So much of what I do as a museum educator is about telling stories. For example, I write parent guides to help families read stories together, or I read exhibition scripts to help curators tell stories at the museum. And, recently, I’ve been doing a lot of thinking about what makes stories compelling learning opportunities.
In July, we took OurStory onto the National Mall during the Smithsonian Folklife Festival. Visitors were invited to join us for storytelling and enjoy OurStory books together.
I grew up as a total junkie for historical fiction (you’ve already checked out my bookshelf and I’ve loved hearing all the comments), but now I work on a project for my favorite audience: kindergarten through fourth grade learners.
There’s so much to be said for sparking interest in history at an early age. Of course, you set the groundwork of facts that students will recall later on as they study American history more deeply, and you begin developing the skills students will need to develop their own understandings of primary sources. But most important to me is that you set the attitudes they’ll have when they approach a new subject in history, or in their contemporary worlds. If we all started off thinking that history was full of exciting details, hairpin turns-of-events, and figures with “character,” who wouldn’t want to learn more?
Educational theorist Kieran Egan dives deeply into the role that narrative can play in learning content knowledge. When we read, many readers get emotionally involved with the characters in the pages—for reading biography or historical fiction, this gives us an entry point for empathizing with a historical topic that could seem dull if it was read in a textbook’s standoffish third person. For example, in The Flag Maker, the story of the Battle of Fort McHenry in the War of 1812 gets an extra boost of excitement by telling the story through the eyes of a young girl who helped her mother create the giant Star-Spangled Banner that flew above the fort.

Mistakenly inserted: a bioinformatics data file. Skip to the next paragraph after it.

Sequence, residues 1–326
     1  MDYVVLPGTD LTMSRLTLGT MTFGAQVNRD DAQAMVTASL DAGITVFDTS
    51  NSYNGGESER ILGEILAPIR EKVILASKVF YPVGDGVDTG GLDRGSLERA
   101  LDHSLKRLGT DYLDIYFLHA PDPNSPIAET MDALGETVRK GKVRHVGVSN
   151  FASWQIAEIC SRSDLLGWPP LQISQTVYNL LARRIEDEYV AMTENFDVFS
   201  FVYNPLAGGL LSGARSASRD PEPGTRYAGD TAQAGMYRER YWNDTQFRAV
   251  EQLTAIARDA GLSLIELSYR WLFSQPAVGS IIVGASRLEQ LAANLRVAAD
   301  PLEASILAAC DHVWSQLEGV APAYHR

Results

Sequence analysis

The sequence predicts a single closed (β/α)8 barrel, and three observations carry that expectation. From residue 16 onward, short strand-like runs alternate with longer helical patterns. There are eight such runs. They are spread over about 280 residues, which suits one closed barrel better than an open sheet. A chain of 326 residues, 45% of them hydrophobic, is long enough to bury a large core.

So many learners find it difficult to remember facts related to historical events or figures, but the fluid narrative of storytelling can tie facts together into a more meaningful pattern. Learners can use one piece of knowledge as the anchor for another fact. For example, in Martin’s Big Words, the story repeats phrases and uses illustrations to help tie the historical facts (segregation, activism, empowerment) to points in the life of the main character, Dr. Martin Luther King, Jr.
As I continue to work on the museum’s OurStory program, I am constantly searching for more outstanding works of historical fiction and nonfiction for the K-4 age group. Do you have a favorite history-related picture book you’ve read with a young person? Tell me the name of the book and YOUR STORY of enjoying it with a young person.
Jenny Wei is an education specialist at the National Museum of American History.